One could offer the easy choice of Yogi as he is a provider or Pooh because he always knows where to find the honey but life is never about easy choices. I would have to say I would be gay for Ignatius J. Reilly. Sadly, our love would never work because he would refer to me constantly as a sodomite even though I’m more Gomorrahian.

Ignatius was quite the bear. Wait, what? …soo uhhh… anyway. Tell me about how excited you are to come to Atlanta on Friday, April 6th and read for us. What’s going to be the best part of the reading? Why do you think people should attend?

I am tremendously excited to read as part of this literary wrecking crew. It is incredibly rare outside of AWP to get such a talented, diverse lineup. It’s a one-in-a-lifetime line up (until AWP comes through Atlanta again). You’ll get drunk on the words and the beer and more of the words. Bring a date. I promise I won’t mack on them.

Ravi Mangla’s Visiting Writers Chapbook is up for FREE!

12 Dec

A while back I vouched for Ravi Mangla‘s selections from his visiting writer’s series over at Outlet, Pank, and Everyday Genius. Well here’s some awesome for you: Uncanny Valley Press just released a 23 stories from the series as an ebook. Even better, it’s free and very well designed!

Here’s a sneak peak:

1954

Vladimir Nabokov bought my daughter a chess set, with pieces carved from sandalwood by hand. Every little girl should own a chess set, he said, and my daughter nodded in feigned agreement, eager to rejoin her friends. Late afternoon, once the guests had left, my wife sent me to collect the plates and glasses from the backyard. And there was Nabokov, crouched in the garden, his pant cuffs folded to his knees, following a caterpillar across his finger.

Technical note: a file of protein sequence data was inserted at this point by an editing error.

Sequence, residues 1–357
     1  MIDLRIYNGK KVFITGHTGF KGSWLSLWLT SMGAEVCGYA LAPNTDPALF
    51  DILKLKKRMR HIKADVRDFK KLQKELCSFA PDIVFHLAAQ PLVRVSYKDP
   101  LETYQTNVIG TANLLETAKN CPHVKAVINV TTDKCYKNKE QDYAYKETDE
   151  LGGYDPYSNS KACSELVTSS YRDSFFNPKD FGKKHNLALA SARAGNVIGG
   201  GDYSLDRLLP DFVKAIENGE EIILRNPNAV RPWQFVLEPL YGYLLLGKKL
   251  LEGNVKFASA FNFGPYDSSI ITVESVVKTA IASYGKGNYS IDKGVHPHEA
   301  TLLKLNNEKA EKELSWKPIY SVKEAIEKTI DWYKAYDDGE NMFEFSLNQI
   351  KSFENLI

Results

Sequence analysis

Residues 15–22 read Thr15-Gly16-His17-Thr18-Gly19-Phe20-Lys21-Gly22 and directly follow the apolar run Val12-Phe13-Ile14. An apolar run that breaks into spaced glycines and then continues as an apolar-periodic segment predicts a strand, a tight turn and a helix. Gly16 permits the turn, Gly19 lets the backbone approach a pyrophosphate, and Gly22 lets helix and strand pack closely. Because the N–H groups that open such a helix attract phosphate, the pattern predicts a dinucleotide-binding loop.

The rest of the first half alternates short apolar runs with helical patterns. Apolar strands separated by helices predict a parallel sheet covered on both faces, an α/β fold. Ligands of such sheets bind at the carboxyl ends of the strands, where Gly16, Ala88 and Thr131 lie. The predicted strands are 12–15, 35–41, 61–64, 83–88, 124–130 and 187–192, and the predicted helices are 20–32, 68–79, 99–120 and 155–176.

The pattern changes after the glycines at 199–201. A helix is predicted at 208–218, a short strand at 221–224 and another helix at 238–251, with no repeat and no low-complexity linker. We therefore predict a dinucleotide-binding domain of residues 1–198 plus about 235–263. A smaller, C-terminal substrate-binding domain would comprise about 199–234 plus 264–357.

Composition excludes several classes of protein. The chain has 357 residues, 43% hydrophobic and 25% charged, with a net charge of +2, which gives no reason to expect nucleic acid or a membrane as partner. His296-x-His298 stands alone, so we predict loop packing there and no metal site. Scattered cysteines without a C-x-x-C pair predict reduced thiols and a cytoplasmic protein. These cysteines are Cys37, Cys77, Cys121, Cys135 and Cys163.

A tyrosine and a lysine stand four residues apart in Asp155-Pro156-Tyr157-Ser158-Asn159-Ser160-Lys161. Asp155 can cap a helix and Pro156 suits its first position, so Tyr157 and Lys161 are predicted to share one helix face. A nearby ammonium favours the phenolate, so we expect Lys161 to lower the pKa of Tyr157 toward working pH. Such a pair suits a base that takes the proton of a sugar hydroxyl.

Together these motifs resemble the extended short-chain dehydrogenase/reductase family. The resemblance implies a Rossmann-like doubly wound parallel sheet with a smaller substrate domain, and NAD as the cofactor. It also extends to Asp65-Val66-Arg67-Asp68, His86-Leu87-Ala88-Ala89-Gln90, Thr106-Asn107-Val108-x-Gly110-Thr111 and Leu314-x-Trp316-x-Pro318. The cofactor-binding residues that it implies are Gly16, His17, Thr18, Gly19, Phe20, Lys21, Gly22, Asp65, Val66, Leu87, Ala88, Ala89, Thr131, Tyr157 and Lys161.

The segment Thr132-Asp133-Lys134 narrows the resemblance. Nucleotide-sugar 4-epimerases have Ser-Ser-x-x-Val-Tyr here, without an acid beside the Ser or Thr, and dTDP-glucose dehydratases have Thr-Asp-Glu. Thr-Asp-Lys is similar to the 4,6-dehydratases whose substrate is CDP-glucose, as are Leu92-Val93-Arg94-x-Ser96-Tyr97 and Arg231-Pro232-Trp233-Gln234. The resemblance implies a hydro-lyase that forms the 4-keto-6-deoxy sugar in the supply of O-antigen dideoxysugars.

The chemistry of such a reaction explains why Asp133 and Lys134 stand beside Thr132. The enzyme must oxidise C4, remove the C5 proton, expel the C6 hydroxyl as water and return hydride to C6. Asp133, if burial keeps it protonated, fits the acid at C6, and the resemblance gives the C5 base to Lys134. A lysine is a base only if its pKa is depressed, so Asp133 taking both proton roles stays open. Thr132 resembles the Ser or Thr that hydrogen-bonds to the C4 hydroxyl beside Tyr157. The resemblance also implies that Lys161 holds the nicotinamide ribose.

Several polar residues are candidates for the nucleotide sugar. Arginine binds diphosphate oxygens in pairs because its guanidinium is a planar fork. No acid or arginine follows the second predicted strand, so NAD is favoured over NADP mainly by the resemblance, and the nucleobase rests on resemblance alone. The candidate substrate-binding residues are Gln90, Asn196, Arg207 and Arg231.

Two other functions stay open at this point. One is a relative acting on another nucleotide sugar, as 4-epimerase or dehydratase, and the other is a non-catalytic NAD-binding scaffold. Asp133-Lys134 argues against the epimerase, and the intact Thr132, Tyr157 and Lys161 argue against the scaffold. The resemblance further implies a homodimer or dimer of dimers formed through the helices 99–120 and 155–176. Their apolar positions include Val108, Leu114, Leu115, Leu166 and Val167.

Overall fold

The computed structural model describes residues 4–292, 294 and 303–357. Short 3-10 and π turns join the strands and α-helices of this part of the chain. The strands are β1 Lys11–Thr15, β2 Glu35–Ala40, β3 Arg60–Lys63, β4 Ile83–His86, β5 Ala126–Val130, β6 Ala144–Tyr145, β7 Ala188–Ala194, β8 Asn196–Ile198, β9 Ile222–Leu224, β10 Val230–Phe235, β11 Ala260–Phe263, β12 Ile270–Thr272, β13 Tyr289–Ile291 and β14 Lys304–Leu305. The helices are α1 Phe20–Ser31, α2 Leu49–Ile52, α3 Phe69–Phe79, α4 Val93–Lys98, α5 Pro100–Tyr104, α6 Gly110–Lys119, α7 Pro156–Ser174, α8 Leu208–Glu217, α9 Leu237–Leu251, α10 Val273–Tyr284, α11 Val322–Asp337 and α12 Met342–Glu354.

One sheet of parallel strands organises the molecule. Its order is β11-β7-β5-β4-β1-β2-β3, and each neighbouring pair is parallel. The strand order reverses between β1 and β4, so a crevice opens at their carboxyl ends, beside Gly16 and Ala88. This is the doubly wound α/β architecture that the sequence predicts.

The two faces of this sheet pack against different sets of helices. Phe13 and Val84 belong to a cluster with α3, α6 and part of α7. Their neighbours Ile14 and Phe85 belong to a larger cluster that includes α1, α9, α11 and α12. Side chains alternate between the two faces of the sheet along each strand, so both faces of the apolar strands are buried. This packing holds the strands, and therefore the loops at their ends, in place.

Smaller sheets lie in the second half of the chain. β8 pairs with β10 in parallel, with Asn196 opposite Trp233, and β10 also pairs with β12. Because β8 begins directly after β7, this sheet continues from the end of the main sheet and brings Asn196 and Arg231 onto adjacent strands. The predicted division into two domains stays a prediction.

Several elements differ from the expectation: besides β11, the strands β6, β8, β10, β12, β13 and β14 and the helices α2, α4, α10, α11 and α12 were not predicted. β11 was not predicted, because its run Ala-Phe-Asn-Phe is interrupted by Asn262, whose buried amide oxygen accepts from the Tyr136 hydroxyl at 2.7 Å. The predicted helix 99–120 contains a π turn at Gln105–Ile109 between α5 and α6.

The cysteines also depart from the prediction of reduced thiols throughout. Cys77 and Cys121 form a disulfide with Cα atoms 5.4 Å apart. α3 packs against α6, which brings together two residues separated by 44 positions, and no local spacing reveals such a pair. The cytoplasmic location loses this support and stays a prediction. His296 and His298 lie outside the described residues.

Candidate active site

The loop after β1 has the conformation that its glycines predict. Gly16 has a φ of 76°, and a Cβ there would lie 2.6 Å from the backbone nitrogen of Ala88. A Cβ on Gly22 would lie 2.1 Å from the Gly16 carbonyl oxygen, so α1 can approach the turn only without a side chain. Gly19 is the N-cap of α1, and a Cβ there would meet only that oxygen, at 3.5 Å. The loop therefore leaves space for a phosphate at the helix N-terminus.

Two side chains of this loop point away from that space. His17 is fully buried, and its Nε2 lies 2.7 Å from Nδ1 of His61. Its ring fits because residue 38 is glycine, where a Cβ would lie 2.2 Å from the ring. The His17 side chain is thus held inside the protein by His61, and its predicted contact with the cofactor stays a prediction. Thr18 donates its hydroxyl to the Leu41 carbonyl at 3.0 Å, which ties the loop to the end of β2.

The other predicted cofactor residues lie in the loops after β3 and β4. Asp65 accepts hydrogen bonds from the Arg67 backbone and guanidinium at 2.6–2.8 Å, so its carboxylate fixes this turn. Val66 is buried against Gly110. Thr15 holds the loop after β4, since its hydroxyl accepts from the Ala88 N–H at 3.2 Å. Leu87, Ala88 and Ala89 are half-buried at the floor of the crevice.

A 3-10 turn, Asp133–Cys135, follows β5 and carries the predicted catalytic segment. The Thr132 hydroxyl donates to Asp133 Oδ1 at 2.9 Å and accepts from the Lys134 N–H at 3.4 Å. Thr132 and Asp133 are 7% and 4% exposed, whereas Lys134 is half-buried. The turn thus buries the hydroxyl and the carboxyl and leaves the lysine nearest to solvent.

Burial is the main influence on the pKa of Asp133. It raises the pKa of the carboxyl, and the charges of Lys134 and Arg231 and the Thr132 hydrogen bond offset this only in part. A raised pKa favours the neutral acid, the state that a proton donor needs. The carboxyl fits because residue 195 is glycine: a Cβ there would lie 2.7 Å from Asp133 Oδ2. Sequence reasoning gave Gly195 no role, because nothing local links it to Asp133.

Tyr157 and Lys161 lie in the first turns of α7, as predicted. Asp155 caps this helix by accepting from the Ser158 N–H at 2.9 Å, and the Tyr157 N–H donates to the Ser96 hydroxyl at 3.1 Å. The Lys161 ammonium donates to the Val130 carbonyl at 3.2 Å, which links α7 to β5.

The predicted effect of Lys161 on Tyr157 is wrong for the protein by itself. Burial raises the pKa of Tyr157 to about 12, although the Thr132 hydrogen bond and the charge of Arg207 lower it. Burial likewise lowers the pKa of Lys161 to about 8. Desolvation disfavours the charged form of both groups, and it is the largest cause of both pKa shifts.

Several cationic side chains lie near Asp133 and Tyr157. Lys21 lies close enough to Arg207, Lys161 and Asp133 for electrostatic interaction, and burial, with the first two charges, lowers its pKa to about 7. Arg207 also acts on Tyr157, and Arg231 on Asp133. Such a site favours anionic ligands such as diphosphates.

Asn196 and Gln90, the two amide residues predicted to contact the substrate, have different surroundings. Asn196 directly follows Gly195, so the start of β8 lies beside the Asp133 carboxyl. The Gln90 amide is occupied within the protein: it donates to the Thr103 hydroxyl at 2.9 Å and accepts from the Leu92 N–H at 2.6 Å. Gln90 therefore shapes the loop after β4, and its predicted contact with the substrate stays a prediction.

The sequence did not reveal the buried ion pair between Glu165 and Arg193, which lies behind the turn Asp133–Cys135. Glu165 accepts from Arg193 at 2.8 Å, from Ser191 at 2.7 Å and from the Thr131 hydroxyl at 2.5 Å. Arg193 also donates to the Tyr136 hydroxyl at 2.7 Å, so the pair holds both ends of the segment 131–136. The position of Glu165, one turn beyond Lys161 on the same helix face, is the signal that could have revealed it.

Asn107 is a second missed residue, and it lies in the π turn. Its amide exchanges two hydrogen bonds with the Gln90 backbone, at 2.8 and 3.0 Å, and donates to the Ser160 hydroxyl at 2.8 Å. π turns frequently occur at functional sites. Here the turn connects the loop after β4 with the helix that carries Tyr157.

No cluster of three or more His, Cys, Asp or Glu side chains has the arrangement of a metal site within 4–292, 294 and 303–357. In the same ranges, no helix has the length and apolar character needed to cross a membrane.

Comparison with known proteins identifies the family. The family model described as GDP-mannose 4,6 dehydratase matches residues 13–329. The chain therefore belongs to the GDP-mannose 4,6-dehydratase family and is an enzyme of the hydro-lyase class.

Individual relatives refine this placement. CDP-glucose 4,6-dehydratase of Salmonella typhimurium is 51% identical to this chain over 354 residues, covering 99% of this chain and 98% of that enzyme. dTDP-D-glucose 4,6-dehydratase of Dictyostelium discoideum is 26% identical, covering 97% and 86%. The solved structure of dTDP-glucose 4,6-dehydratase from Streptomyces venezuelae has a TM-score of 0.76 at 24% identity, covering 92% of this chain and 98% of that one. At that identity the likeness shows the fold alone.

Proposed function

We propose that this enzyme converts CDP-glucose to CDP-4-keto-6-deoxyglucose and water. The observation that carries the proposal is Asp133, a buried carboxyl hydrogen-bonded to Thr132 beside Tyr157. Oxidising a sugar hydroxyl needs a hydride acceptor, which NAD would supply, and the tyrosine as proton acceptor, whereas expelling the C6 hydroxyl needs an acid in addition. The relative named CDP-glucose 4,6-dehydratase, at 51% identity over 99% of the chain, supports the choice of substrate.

Two Poems by Alexis Pope that will rock your socks off.

11 Oct

Three cheers for >Kill Author’s 15th Issue!

 

Yesterday, instead of drinking coffee I read Alexis Pope’s two poems.

Here are two excerpts to jolt you. First from poem 1.

Just how many bricks of pollen can I sneak over the Ohio border before they catch me? Just how many snowflakes can I snort off my house key until she realizes it’s been cut with firefly glow juice? Our nostrils flicker as our lips part. Just how many dandelions can I behead until I’m thrown onto nature’s electric chair: a tree stump, a lightening bolt, vines around my ankles?

and from poem 2:

The shaving cream feels like your heart. Your heart is not red. Your heart is foam. Your heart melts, but not that way. Your heart is sensitive to razor blades. Your skin isn’t really yours. It’s your heart’s. But the foaming doesn’t stop. Your friends can’t see it because they don’t want to. Your friends are imaginary. Your heart isn’t there. It’s a shadow. It’s mildewed. It’s bleach sensitive. It’s not a heart. It’s only heart shaped.

 

Wigleaf is a treasure chest

25 Feb

Friends, there are these Two Tuscaloosa Missed Connections by Brian Oliu you should read on Wigleaf. I know Tyler told you about his installment in >Kill Author’s Eleventh Issue, so undoubtedly you are excited to see more. The second of them, Hand Me Down: America’s Thrift M4W, makes me feel a little guilty about the ugly sweater party I went to in December, but in a good way. Both stories have a gentle way of unveiling truths that were right under our noses, hanging in our closets, eroding in our backyards.